Microsoft has published a security advisory
on “Deprecation of SHA-1 Hashing Algorithm for Microsoft Root Certificate Program”. In summary, Windows will cease accepting SHA-1 certificates on January 1, 2017. To continue to work with Microsoft platforms, all SHA-1 SSL certificates issued before or after this announcement must be replaced with a SHA-256 (SHA-2) equivalent by January 1, 2017.
Symantec is helping to make the Internet more secure by proactively using, promoting, and elevating cryptographic standards within SSL/TLS and code-signing certificates. As technology changes, it is critical to stay ahead of those who wish to defeat cryptographic technologies for their malicious benefit.
The initiative to migrate from SHA-1 to SHA-256 (SHA-2) is the next proactive phase to better secure websites, intranet communications, and applications. Organizations need to develop a migration plan for any SHA-1 end-entity SSL certificates that expire after January 1, 2017 and SHA-1 code signing certificates that expire after January 1, 2016.
To make this transition as easy as possible below are a few helpful resources:
Use a Test Certificate to ensure you can support SHA-2.
Tools for generating a new CSR for a compliant certificate.
Easily determine the key size and hash of your certificates.
Learn how to install a certificate on a variety of servers.
Track and manage all SSL/TLS certificates in your ecosystem.
Q: Will having SHA-1 certificates after December 31st, 2016 affect website security?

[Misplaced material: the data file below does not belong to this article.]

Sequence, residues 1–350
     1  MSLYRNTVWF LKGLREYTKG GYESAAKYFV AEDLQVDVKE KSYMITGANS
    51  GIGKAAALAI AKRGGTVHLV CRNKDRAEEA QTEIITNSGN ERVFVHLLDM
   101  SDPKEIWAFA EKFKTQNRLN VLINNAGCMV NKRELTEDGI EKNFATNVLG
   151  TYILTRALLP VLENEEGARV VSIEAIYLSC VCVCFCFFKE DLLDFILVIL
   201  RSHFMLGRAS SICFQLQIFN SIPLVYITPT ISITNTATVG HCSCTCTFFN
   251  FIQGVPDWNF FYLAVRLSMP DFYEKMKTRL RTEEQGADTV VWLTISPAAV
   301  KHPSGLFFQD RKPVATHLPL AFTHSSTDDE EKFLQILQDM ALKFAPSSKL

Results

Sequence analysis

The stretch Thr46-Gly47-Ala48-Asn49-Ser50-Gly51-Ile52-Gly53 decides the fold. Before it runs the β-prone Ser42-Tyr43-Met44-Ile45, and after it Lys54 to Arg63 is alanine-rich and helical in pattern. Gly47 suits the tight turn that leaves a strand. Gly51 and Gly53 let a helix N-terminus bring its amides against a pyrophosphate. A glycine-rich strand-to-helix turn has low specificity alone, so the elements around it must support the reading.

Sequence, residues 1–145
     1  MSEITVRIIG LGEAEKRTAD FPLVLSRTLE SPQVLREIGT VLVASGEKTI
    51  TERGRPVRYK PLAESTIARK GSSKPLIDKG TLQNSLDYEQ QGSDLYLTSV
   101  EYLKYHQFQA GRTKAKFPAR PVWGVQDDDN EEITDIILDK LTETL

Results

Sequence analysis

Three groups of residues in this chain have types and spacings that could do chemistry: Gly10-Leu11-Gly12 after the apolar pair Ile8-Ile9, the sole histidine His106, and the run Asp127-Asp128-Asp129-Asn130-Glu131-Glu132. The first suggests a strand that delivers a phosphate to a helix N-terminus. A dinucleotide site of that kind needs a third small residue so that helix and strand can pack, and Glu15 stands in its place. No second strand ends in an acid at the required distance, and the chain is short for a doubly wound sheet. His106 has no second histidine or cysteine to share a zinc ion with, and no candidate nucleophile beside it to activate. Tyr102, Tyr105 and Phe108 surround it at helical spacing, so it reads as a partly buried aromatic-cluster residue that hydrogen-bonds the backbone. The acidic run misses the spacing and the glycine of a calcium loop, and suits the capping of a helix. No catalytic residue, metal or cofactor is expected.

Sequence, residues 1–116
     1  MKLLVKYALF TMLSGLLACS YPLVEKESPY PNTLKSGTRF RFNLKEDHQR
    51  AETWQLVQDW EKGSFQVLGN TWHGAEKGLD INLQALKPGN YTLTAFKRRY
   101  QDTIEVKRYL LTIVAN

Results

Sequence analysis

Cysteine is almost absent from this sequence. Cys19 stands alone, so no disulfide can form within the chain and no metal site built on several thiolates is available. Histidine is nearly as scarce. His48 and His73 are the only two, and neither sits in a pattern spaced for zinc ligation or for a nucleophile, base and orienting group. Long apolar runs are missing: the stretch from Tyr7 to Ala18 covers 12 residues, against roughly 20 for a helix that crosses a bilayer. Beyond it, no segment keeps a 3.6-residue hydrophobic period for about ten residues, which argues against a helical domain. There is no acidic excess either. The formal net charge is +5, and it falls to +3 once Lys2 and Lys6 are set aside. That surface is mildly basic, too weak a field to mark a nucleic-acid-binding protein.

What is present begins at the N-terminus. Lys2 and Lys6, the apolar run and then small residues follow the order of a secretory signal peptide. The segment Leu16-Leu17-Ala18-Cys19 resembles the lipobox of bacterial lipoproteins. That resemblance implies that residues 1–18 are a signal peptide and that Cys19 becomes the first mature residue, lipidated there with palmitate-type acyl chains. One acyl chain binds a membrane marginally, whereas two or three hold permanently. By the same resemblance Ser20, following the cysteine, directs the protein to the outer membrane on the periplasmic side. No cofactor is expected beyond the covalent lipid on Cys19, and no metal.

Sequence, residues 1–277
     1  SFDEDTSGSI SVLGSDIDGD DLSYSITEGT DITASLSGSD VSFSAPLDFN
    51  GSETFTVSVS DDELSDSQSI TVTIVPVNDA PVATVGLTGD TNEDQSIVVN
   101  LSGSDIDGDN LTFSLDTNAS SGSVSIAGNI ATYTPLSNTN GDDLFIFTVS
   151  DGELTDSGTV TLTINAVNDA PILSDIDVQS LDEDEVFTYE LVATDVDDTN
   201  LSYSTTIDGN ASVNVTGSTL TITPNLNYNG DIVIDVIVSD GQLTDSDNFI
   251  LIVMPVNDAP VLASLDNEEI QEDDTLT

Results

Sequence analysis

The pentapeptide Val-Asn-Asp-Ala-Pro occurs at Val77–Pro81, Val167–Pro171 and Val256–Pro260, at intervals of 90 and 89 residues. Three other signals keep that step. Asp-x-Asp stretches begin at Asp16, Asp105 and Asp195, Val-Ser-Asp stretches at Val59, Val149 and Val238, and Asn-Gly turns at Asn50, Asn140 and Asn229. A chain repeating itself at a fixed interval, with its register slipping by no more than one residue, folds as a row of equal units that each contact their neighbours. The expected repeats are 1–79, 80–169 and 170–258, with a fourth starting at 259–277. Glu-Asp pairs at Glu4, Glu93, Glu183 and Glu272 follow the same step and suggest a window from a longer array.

A: Websites that do not conform to Microsoft’s policy may not be accessible with Internet Explorer.
Q: What should I do?
Customers should take inventory of their certificates and plan on migrating SHA-1 SSL and code signing certificates to SHA-2 before January 1, 2017. Customers are entitled to a credit for any unused validity left on the SHA-1 certificate. If assistance is required, customers may contact the Symantec support team
. SHA-1 certificates can still be issued but they are not to exceed December 31, 2016.
Q: Can I get a refund for any unused validity?
A: Yes, any unused validity on a certificate that can’t be transferred to a new certificate is entitled to a unit refund.
Q: Is SHA-1 still safe? Why do customers need to migrate?
A: CA/B Forum and industry leaders are proactively looking for ways to help customers secure their environments and infrastructure. SHA-1 has been a widely accepted industry standard and enjoyed strong ubiquity, however, SHA-2 contains a number of improvements to strengthen security, and the National Institute of Standards (NIST) has recommended its use instead of SHA-1.
Q: What is Symantec doing in response to this?
A: SHA-2 end-entity certificates are currently available. SHA-2 intermediate certificates will be available by Spring, 2014. SHA-2 certificates will be the default option all consoles in the near future. We are providing communication, resources, and technical support to assist our customers through this migration.
Q: Does Symantec offer a SHA-2 test certificate?
A: Yes, a test certificate can be found at https://ssltest39.ssl.symclab.com. Symantec recommends running a compatibility test on clients communicating with servers using SHA-2 certificates by connecting to this site.
Q: Will this affect Code Signing certificates?
Yes, code signing certificates are also affected by this migration, but we recommend code signing users read Microsoft’s announcement
Q: When should customers migrate?
A: Customers should renew with SHA-2 end-entity and intermediate certificates when they become available in Spring, 2014. Customers should focus on migrating their remaining certificates before December 31, 2016.